In this paper, an ultra-thin buffer technology for the epitaxial growth of Si<sub>x</sub>Ge<sub>1-x-y</sub>Sn<sub>y</sub> structures on Si or Si-on-Insulator substrates by using molecular beam epitaxy is presented. This technology builds the basis for integrated photonic devices as detectors, modulators and light sources. The paper discusses different device families with different material compositions, which all use a relaxed Ge virtual substrate with high quality. These are pseudomorphic Ge/Ge<sub>1-y</sub>Sn<sub>y</sub> structures, Si<sub>x</sub>Ge<sub>1-x-y</sub>Sn<sub>y</sub> structures lattice matched to Ge and (partially) relaxed Ge<sub>1-y</sub>Sn<sub>y</sub> virtual substrates. The photonic devices consist of heterojunction diodes with vertical pin doping structures. As an example, Ge/Ge<sub>1-y</sub>Sn<sub>y </sub>multi quantum well photodetectors which active regions made from Nx(Ge<sub>0.93</sub>Sn<sub>0.07</sub>/Ge) multi-quantum well structures are presented. Optical measurements at high frequencies are successfully performed on these photodetectors. A 3-dB bandwidth above 40 GHz is measured at the optical telecommunication wavelength of 1550 nm.
To enlarge the tensile strain in Ge light emission diodes (s-Ge LED) we applied a GeSn virtual substrate (VS) on Si (001) with a Sn content of 4.5 %, to produce s-Ge LEDs. The LED stack was grown by molecular beam epitaxy. Electroluminescence investigations of the s-Ge LED show a major direct Ge peak and a minor peak at lower energy, which is formed by the GeSn-VS and the s-Ge indirect transition. The main peak of a 100 nm thick s-Ge LED is red-shifted as compared to the Ge peak of an unstrained reference Ge LED grown on Ge-VS. At a temperature of T = 80 K the increased tensile strain, produced by the GeSn-VS, causes a redshift of the direct Ge peak from 0.809 eV to 0.745 and 0.769 eV, namely for the s-Ge LED with a 100 and 200 nm thick active layer. At T = 300 K the direct Ge peak is shifted from 0.777 eV of the reference Ge LED to 0.725 eV (for 100 nm) and 0.743 eV (for 200 nm). The peak positions do not differ much between the 50 and 100 nm thick s-Ge LEDs. The intensities of the direct Ge peak increase with the s-Ge layer thickness. Moreover, the intensity of the 50 nm thick s-Ge sample is found to be larger than that of the 100 nm thick reference Ge LED.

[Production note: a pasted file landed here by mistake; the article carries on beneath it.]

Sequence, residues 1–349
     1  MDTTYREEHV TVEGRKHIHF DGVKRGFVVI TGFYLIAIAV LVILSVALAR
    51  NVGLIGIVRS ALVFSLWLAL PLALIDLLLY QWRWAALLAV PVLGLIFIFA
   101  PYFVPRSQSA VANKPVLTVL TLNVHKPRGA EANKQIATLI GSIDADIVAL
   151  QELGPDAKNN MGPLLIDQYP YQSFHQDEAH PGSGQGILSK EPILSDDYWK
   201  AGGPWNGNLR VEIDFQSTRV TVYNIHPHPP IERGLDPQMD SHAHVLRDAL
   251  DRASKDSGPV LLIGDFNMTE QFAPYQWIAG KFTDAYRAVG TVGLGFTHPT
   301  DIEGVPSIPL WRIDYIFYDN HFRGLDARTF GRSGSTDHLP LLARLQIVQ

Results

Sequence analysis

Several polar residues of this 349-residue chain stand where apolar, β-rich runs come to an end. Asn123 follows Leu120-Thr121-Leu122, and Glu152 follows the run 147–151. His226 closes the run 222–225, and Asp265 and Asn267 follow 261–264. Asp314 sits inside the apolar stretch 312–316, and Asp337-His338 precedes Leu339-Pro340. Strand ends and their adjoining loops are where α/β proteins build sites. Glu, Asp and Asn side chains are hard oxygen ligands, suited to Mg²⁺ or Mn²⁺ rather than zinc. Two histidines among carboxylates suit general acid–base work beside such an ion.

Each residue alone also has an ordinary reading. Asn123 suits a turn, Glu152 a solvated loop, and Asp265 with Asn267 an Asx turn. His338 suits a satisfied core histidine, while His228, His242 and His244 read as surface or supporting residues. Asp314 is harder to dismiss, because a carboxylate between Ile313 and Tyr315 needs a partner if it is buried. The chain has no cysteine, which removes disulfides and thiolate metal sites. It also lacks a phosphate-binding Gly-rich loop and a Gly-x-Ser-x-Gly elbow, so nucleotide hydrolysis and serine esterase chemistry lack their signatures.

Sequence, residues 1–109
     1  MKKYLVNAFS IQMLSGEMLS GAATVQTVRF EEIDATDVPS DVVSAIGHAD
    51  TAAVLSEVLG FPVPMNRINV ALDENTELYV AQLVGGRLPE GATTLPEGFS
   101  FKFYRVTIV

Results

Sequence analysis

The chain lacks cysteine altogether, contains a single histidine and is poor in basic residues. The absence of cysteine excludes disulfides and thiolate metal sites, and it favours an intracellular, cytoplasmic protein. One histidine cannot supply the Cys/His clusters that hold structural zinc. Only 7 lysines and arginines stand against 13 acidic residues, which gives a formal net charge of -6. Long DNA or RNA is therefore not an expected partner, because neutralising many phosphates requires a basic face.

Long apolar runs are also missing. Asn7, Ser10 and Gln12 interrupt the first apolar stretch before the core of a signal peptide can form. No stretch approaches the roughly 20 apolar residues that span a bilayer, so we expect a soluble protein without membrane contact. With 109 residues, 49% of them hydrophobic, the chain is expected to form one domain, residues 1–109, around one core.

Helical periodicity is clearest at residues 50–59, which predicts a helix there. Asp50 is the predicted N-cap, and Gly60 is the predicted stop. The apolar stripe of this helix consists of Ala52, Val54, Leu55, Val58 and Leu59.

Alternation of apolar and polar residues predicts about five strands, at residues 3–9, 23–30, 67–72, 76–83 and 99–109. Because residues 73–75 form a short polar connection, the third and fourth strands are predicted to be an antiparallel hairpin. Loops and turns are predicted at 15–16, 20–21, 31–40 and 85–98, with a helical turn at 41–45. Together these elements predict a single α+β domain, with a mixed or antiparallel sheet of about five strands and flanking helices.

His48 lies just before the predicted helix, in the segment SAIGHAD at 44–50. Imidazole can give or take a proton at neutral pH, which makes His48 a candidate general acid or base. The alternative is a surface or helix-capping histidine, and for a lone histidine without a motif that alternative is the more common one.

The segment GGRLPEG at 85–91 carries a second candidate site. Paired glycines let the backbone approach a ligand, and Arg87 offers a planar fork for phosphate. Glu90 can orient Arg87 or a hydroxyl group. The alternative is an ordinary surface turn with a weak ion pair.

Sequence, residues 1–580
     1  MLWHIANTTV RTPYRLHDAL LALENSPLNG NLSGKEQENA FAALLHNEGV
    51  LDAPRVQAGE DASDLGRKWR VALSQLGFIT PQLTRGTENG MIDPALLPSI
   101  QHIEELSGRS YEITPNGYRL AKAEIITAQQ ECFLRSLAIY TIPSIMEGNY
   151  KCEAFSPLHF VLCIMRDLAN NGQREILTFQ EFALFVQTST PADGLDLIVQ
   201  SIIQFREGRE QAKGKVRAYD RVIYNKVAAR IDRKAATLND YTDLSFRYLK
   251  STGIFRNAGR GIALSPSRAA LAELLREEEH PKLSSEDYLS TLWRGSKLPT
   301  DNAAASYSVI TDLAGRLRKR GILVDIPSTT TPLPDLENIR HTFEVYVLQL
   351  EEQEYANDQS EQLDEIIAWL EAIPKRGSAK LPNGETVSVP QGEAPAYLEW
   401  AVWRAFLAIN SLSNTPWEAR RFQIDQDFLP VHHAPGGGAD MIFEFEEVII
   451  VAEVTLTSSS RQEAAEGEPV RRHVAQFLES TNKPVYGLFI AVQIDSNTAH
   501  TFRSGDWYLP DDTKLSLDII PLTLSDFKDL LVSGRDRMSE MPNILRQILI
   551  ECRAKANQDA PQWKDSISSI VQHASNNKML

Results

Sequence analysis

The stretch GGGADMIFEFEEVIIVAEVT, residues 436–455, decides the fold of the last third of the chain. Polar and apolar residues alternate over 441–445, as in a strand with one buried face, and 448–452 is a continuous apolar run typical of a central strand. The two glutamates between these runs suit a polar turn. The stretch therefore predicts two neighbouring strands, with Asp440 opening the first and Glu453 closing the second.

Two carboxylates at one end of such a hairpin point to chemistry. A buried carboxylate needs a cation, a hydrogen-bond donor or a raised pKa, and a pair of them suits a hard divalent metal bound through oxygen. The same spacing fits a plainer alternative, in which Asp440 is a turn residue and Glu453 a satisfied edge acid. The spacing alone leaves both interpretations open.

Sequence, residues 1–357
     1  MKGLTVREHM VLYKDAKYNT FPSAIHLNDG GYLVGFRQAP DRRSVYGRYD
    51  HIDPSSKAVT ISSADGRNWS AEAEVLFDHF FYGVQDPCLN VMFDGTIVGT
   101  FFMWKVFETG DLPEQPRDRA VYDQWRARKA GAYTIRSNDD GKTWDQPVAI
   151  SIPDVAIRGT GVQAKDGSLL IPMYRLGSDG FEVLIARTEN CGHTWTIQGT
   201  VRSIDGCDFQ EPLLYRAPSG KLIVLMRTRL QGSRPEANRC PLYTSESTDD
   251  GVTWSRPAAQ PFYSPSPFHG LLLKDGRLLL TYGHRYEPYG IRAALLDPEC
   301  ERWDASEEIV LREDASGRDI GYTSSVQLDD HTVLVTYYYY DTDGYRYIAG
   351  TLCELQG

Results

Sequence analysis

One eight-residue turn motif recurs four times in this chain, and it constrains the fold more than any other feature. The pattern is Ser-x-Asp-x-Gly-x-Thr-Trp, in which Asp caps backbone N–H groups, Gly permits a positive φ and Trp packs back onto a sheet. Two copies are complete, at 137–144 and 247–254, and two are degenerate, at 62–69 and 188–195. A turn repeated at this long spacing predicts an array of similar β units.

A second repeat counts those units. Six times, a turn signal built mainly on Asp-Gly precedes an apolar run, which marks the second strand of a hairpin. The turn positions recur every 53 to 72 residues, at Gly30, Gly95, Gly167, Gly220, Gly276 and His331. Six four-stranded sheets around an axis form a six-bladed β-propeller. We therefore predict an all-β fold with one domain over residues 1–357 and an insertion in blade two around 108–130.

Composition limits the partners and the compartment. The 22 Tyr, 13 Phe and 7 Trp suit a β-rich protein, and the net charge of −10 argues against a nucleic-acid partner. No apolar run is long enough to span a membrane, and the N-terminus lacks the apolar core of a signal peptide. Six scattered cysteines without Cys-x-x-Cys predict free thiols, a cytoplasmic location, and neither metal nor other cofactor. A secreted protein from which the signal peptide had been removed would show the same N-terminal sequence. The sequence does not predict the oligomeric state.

We analyzed Ge- and GeSn/Ge multiple quantum well (MQW) light emitting diodes (LEDs). The structures were grown
by molecular beam epitaxy (MBE) on Si. In the Ge LEDs the active layer was 300 nm thick. Sb doping was ranging
from 1×10<sup>18</sup> to 1×10<sup>20</sup> cm<sup>-3</sup>. An unintentionally doped Ge-layer served as reference. The LEDs with the MQWs consist
of ten alternating GeSn/Ge-layers. The Ge-layers were 10 nm thick and the GeSn-layers were grown with 6 % Sn and
thicknesses between 6 and 12 nm. The top contact of all LEDs was identical. Accordingly, the light extraction is
The electroluminescence (EL) analysis was performed under forward bias at different currents. Sample temperatures
between <300 K and 80 K were studied. For the reference LED the direct transition at 0.8 eV dominates. With increasing
current the peak is slightly redshifted due to Joule heating. Sb doping of the active Ge-layer affects the intensity and at
3×10<sup>19</sup> cm<sup>-3 </sup>the strongest emission appears. It is ~4 times higher as compared to the reference. Moreover a redshift of the
peak position is caused by bandgap narrowing.
The LEDs with undoped GeSn/Ge-MQWs as active layer show a very broad luminescence band with a peak around
0.65 eV, pointing to a dominance of the GeSn-layers. The light emission intensity is at least 17 times stronger as
compared to the reference Ge-LED. Due to incorporation of Sn in the MQWs the active layer should approach to a direct
semiconductor. In indirect Si and Ge we observed an increase of intensity with increasing temperature, whereas the
intensity of GeSn/Ge-MQWs was much less affected. But a deconvolution of the spectra revealed that the energy of
indirect transition in the wells is still below the one of the direct transition.